As a wrestling manager, wore shirts and trousers of the exact same color, sometimes with a matching jacket.
World Wrestling Entertainment Hall of Famer.
Longtime professional wrestler and wrestling manager.
Credited with bringing a young Hulk Hogan into the World Wrestling Entertainment (WWE) in late 1979.
Had a novelty hit called "Pencil Necked Geek"
One of the 100 Greatest Wrestlers of the 20th Century (Inside Wrestling Presents, Summer 2000).
Inducted into the WWE Hall of Fame on June 9th, 1994.
In 1976 he managed Muhammad Ali during his shoot match
On-camera manager for World Wrestling Federation villans, 1973-1986. His departure (due to health reasons) was explained on "WWF Superstars of Wrestling" by his desire to travel around the world.
Following his 1986 on-camera retirement (he remained an executive for the WWE), still made occasional on-camera appearances since then, and his last came on "WWE Raw" in May, just a few weeks before his death (to promote his newly-released biography, "Listen, You Pencil Neck Geeks"). In that storyline, he is menaced by Eric Bischoff and his henchmen, before calling on the Dudley Brothers to "Get the tables!" (and of course, Bubba Ray and D-Von take care of Bischoff and his cronies).
Notable Title Wins Include: NWA Southern Heavyweight title (14); WWA (Los Angeles) World Heavyweight title (4); WWA World Tag Team title (2 times w/Mr. Moto-1964 and w/Buddy Austin-1967); NWA America's Heavyweight championships (5); Georgia Heavyweight title; "Beat The Champ" TV Title; NWA America's Brass Knuckles Title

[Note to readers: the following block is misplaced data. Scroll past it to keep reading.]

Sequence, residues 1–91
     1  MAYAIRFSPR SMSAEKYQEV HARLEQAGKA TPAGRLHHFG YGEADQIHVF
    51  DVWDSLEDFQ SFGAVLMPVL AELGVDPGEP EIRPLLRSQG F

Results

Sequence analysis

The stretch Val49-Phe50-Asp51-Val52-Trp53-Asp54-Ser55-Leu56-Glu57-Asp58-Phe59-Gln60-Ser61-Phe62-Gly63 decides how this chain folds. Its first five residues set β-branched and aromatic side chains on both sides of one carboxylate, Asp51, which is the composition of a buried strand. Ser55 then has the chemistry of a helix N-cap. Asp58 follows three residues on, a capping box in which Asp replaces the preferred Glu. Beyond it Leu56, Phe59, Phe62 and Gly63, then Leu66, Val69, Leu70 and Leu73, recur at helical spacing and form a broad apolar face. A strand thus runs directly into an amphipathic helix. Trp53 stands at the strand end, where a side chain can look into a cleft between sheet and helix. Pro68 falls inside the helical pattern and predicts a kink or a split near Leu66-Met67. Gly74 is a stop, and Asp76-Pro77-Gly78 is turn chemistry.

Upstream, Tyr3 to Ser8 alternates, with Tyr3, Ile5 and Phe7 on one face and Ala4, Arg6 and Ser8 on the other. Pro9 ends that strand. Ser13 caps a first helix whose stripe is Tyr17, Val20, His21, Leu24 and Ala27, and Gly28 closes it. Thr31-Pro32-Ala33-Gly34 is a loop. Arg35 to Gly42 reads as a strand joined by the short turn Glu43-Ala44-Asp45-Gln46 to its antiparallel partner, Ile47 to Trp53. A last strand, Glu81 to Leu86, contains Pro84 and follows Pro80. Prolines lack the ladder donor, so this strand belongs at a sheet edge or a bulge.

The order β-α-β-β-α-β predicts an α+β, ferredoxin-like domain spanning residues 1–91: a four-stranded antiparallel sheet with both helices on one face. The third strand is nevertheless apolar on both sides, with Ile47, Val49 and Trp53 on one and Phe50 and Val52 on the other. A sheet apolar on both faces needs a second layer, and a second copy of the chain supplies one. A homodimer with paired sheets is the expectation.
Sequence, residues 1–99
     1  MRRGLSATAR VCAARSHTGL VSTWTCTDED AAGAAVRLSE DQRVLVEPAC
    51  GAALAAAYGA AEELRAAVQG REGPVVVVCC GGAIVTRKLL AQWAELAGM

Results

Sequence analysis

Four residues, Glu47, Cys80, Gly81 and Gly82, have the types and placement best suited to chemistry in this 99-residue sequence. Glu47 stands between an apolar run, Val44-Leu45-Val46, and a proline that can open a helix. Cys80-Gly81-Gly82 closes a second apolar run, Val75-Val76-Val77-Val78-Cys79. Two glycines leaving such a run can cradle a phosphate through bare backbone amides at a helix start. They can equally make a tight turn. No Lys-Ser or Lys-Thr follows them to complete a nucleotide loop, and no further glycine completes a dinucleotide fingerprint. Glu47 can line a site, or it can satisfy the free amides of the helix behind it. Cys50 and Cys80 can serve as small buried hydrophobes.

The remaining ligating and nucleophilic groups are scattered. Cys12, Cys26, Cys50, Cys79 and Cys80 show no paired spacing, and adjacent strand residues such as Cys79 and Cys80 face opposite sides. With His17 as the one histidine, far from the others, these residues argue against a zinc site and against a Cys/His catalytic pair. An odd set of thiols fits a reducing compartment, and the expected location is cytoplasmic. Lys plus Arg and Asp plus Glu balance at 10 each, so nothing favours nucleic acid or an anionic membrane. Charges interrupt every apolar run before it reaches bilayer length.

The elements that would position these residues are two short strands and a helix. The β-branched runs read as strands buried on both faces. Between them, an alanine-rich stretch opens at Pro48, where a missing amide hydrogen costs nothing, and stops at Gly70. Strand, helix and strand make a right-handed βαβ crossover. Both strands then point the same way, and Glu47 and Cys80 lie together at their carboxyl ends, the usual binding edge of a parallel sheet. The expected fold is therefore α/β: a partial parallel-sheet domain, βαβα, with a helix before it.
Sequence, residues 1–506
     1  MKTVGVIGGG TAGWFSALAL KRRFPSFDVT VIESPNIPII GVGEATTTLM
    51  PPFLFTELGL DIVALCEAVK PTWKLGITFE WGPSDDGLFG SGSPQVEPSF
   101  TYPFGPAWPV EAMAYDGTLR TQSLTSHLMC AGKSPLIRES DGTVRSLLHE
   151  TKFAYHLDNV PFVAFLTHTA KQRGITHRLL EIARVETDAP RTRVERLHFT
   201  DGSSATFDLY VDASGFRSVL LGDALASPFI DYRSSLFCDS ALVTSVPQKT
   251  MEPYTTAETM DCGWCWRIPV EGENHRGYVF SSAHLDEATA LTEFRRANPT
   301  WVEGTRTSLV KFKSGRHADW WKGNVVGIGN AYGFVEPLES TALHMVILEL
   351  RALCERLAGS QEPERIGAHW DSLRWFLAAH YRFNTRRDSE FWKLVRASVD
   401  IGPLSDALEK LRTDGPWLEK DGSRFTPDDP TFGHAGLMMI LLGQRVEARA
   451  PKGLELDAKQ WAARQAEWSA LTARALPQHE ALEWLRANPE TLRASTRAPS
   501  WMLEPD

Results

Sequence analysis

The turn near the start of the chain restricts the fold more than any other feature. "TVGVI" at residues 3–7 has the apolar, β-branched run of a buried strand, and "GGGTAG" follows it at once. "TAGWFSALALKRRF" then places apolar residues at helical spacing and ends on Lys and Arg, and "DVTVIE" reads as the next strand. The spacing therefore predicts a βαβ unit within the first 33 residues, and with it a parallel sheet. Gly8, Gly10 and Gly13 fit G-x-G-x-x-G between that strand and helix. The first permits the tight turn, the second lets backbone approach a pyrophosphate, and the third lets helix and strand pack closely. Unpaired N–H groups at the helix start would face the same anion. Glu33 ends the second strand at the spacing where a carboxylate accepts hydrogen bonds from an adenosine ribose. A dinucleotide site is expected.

In the 1950s, Fred Blassie was hands down the most hated wrestler in the southeastern territory.
He claimed to be the second profesional wrestler to bleach his hair blonde, following in the footsteps of George Wagner's ring persona "Gorgeous George."
Mentioned by name in R.E.M.'s song "Man on the Moon".
Managed the likes of The Wolfman, The Sheik of Baghdad, Waldo von Erich, Blackjack Mulligan, Ivan Koloff, Mohammad Ali, Baron Scicluna, Crusher Blackwell, Hercules Hernandez, Baron Von Raschke, Bad News Brown, Peter Maivia, George "The Animal" Steele, The Polish Prince, Mr. Saito, Adrian Adonis, Tiger Chung Lee, Victor Rivera, Jesse Ventura, Killer Khan, Mr. Fuji, Nikolai Volkoff, The Iron Sheik, Dick Murdoch, Lou Albano, Stan Hansen and Hulk Hogan
Inducted into the Professional Wrestling Hall of Fame in 2004.
In January 1962, Blassie and Mr. Moto defeated Hans Hermann and Jesus Ortega for the California version of the WWA International TV Tag Team title.
His name was commonly spelled as "Freddie Blassie", however "Freddy Blassie" was the spelling Blassie himself used when signing autographs.
[spoken to the WWF wrestlers during Invasion 2001] Gentleman, there comes a time when every man must fight for that he believes in. Now is the time, get up, stand up and fight.
[to anyone he didn't like] You pencil-necked geek!
[WWE interview, shortly before his death] I had a great life, something you can't buy. You could spend all the money in the world and not have as much fun as I had. It was a wonderful life.